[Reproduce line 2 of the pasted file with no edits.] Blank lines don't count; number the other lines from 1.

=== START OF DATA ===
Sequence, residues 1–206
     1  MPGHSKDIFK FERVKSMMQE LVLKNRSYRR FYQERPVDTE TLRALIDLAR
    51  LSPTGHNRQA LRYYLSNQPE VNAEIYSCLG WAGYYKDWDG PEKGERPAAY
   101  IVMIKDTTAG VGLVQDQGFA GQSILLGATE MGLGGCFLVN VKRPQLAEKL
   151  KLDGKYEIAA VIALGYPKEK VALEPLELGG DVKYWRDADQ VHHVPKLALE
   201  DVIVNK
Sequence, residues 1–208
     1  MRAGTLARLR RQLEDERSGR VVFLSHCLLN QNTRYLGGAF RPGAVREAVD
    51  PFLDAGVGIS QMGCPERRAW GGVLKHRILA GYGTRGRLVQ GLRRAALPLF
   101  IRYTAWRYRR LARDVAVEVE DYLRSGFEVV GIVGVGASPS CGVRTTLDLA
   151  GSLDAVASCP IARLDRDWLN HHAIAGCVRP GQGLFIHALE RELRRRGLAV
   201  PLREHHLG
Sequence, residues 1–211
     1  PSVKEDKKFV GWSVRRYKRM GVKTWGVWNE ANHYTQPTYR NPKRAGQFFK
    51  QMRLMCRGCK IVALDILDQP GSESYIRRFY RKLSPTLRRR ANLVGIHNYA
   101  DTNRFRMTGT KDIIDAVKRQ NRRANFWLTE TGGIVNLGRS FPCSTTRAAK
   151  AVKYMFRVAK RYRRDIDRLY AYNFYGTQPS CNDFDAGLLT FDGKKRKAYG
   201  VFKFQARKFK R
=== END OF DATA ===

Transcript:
     1  MPGHSKDIFK FERVKSMMQE LVLKNRSYRR FYQERPVDTE TLRALIDLAR